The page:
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News

ABB robots blast away paint build up on skids at Land Rover

ABB Limited (Group Headquarters) : 03 June, 2003  (New Product)
ABB, the global power and automation technologies group, has supplied three industrial robots to the Paint Shop at Land Rover's manufacturing facility in Solihull, West Midlands. The foundry-specification robots are used as high-pressure water cleaners for the removal of paint build-up on paint shop skids. The skids are moving bases that hold the car body as it travels around the paint shop.
ABB, the global power and automation technologies group, has supplied three industrial robots to the Paint Shop at Land Rover's manufacturing facility in Solihull, West Midlands. The foundry-specification robots are used as high-pressure water cleaners for the removal of paint build-up on paint shop skids. The skids are moving bases that hold the car body as it travels around the paint shop.

Commissioned in February 2002, this innovative and environmentally friendly skid cleaning facility was designed by Land Rover's in-house engineers as a result of their search for an efficient and cost effective skid paint removal process. Key attributes required were the effective elimination of build-up of paint on the skid; a reduction in the number of skids kept in stock, and a measurable drop in environmental impact of the cleaning process.

As part of Ford's Premier Automotive Group, Land Rover's range of prestige vehicles is synonymous with an immaculate paint finish, which can only be achieved in a contaminate-free paint shop environment. For many years, Land Rover has placed great effort and resources into keeping skids free from contaminates which inevitably build-up during the paint process.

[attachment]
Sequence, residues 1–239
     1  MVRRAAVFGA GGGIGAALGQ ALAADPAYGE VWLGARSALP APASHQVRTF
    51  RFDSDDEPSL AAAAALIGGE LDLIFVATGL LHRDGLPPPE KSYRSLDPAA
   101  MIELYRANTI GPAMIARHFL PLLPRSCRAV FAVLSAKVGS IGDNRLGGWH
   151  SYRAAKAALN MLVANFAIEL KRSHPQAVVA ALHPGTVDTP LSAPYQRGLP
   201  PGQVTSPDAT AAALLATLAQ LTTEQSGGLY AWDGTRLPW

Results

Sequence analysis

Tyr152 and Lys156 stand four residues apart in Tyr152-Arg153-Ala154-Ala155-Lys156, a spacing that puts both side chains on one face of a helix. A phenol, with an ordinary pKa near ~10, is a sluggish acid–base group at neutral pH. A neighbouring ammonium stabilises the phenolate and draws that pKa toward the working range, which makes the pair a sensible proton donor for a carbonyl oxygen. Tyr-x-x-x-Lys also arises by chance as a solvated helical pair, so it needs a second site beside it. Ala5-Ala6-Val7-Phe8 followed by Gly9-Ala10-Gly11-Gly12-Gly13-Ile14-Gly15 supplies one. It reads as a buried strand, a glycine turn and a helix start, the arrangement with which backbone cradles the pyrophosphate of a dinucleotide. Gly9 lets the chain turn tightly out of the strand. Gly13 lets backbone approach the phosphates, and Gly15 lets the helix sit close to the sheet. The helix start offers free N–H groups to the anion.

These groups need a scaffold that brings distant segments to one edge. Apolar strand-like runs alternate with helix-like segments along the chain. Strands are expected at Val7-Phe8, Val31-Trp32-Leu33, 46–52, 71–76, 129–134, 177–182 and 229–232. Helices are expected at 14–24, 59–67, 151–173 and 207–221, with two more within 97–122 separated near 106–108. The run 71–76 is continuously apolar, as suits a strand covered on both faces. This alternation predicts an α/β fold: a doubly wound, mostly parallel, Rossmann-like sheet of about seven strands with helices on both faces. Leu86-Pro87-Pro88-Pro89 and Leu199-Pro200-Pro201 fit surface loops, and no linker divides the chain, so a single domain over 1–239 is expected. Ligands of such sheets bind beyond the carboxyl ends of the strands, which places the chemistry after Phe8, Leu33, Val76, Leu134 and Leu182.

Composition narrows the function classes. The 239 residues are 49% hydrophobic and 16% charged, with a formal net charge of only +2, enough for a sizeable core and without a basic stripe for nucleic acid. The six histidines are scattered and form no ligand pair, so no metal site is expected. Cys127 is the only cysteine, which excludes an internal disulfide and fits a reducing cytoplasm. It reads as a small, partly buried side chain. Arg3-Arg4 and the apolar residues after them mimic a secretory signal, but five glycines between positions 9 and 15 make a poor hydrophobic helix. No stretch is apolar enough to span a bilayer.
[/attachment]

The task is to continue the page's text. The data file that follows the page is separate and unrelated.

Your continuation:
In the past Land Rover used a sub-contract operation for skid cleaning where the assemblies were baked at 350oC to remove cured paint build-up. As well as the cost of sub-contracting the operation, significant manpower resources were expended in loading and unloading the skids for delivery/return to and from the sub-contractor. Land Rover would send out between 50 and 80 skids each month, which also meant that a second set of skids were held in reserve to use while the other batch was being cleaned. Over time, there was unavoidable damage to the skids, as they were continually handled by forklift trucks and structural weaknesses were induced by the baking process.

Land Rover designed its new skid cleaning system around robotic capability and invited suppliers to submit competitive tenders. As a Ford-nominated supplier, ABB was assessed for the project on its capability to supply bespoke industrial robots that could stand-up to the rigours of a wet, hostile environment.

Satisfied with ABB's credentials and relevant expertise and experience, Land Rover progressed with ABB in fully designing the facility.

The new robotic skid wash system was designed to take away the need to outsource the cleaning process and fit neatly and unobtrusively into the paint shop cycle. On a daily basis, the paint solids and other contaminates are now removed from the skids with high-pressure (800 bar), abrasive water and the ABB robots provide a robust structure to withstand the reactive force of the water jet. The skid cleaning facility, which is housed in a stainless steel acoustic chamber, is 15m long by 6m wide and is supplied by a network of 20 powered, roller beds. The cycle time of the skid-wash is just 38 seconds per skid, and the cleaning facility manages between 60 and 75 skids per hour.

Each skid incorporates a transmitter, which is essential for the manufacturing facility to monitor the location of each car body. In the past, this transmitter had to be manually removed when the skid was sent for cleaning. With the new skid-wash system however, the transmitter is permanently fixed and the robots are programmed to clean with care around the device.

The robots have complete versatility. The Range Rover, Discovery and Land Rover all have different underbody profiles and thus the skids come in a variety of different shapes. Also, the robots have to cope with a random sequence of skids, say a Range Rover skid and then a Discovery skid, so ABB has developed easy-change programming to accommodate this.

Since the installation of the new skid-wash system, all skid cleaning is carried out in-house and an audit is currently taking place to assess the extent of cost savings.
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